There is this disconnect between how well our business is doing and our share price,” says Jerry del Missier. “At some stage, they will converge.”
A native of Sudbury, Ont., del Missier is president of Barclays Capital, the investment-banking arm of London-based Barclays Bank PLC. He’s in a meeting room on the 32nd floor of the former headquarters of Lehman Bros. Holdings Inc. in New York City, framed by a shaft of sunlight. Del Missier is explaining why Barclays Bank, reported better-than-expected results for 2008 — net income of £5.3 billion, up from £5.1 billion in 2007. From a franchise perspective, he says, 2008 was “our most successful year ever.” So why is Barclays stock, which was trading at 422 pence a share this time last year, now hovering around 112 pence?
Barclays Capital picked up much of Lehman Bros.’ North American assets for US$1.75 billion last September. Considering the real estate alone has been valued at US$1.5 billion, it was an extraordinary deal. Many I-banks subsequently disappeared, creating what del Missier describes as a “favourable” competitive environment. With operations on six continents, and plans to expand the bank’s Canadian operations, BarCap offers financing on a global scale.
But many wonder if BarCap’s parent may have to take British government funds to survive.
On March 15, floundering American International Group Inc. announced that Barclays Bank PLC was a major counterparty to its credit default swap businesses. (According to AIG’s statement, Barclays benefited indirectly from a total of US$8.5 billion in American government funds.) A Barclays spokesperson wouldn’t comment on the bank’s total exposure to AIG, but confirmed it engaged in AIG swaps.
A day later, Barclays confirmed rumours it is shopping its iShares ETF division, worth an estimated US$5 billion. That’s almost half Barclays’ current market capitalization. Erin Davis of Morningstar says this is likely related to the bank’s effort to shore up cash before the deadline for applications to participate in the U.K.’s asset relief program. (If the bank can pay the entry fees, the government won’t claim a stake in its business.)
“Barclays is doing everything it can to keep the government out,” Davis says. Indeed. In 2008, the bank diluted shareholders twice and accepted private financing at rates less favourable than those offered by Her Majesty’s Treasury — actions that may have helped the stock’s slide. “Problem is,” Davis goes on, “no one is paying full price for anything right now.” By selling a performing asset at a low value, Davis says, Barclays risks cutting off its nose to spite its face.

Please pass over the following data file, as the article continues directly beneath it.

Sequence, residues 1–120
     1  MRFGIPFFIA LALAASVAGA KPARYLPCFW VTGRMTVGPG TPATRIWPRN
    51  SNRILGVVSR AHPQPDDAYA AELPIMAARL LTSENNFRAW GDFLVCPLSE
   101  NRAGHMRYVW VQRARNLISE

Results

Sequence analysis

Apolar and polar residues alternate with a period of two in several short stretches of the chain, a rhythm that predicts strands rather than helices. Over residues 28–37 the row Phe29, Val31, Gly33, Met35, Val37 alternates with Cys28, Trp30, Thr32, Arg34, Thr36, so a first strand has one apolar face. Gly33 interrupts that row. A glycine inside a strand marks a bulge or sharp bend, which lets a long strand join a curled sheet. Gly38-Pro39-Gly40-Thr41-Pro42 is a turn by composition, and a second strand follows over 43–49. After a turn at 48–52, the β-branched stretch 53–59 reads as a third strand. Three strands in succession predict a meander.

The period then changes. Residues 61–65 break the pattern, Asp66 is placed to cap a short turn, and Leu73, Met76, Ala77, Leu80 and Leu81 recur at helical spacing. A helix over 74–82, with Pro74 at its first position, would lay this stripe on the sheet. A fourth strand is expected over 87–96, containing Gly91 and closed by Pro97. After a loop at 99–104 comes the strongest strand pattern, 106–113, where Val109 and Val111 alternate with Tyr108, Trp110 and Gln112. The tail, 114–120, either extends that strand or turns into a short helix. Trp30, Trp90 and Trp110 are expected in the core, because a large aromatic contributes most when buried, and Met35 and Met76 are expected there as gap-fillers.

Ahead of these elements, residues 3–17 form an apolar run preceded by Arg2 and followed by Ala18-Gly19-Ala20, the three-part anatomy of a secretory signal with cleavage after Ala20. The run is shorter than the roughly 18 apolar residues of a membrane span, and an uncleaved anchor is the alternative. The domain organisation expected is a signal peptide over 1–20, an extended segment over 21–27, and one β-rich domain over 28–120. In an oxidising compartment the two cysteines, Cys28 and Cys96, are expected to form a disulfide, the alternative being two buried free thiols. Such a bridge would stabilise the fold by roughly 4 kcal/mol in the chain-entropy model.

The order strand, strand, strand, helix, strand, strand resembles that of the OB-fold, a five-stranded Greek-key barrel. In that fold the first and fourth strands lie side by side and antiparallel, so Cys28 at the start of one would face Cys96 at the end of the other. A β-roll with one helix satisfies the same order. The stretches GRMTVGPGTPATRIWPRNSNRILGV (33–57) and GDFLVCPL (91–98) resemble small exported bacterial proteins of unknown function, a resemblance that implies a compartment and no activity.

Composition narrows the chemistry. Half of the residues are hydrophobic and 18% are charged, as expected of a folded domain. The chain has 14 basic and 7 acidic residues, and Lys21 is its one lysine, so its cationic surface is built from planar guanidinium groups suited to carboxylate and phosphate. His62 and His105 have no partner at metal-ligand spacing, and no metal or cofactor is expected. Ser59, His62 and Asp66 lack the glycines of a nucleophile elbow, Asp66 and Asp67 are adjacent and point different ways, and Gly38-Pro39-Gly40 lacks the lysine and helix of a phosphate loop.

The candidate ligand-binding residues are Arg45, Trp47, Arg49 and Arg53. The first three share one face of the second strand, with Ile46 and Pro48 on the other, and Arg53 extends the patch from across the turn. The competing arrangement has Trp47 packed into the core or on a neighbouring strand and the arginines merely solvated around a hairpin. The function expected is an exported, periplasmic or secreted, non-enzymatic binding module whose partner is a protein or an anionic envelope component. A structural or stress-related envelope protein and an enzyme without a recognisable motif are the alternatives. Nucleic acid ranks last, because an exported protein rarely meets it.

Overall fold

The following day, the bank was fighting off whistle-blower allegations it had engaged in an international tax dodge worth US$1.4 billion annually — a scheme that allegedly originated at BarCap. “Barclays does not encourage or condone tax evasion,” the bank says in a statement. As to why the bank forced the Guardian to remove several documents from its website: “The documents were commercially sensitive, client confidetial and Barclays property.”
On paper, the bank seems well-capitalized. Barclays maintains £11.5 billion in capital. Geared to nearly £1.5 trillion in assets, that represents a Tier 1 capital ratio of 11.3% — comfortably above the 8% at which U.K. regulators are expected to come calling.
Those assets may experience fresh shocks in 2009, however. What’s more, says Davis, BarCap supplied up to 30% of the revenues the parent bank earned in the past couple of years. BarCap is unlikely to keep that up — Davis pegs growth at just 5% through 2010. Meanwhile, the parent bank is exposed to £77 billion in residential mortgages in the U.K. — a plummeting market.
Back in his shaft of sunlight, del Missier is unequivocal: “We won’t need to take government money.” The deadline for participation in the U.K. asset relief program is March 31; a release on Barclays’ website posted March 16 indicates the bank is now “in dialogue” with Her Majesty’s Treasury. Watch this space.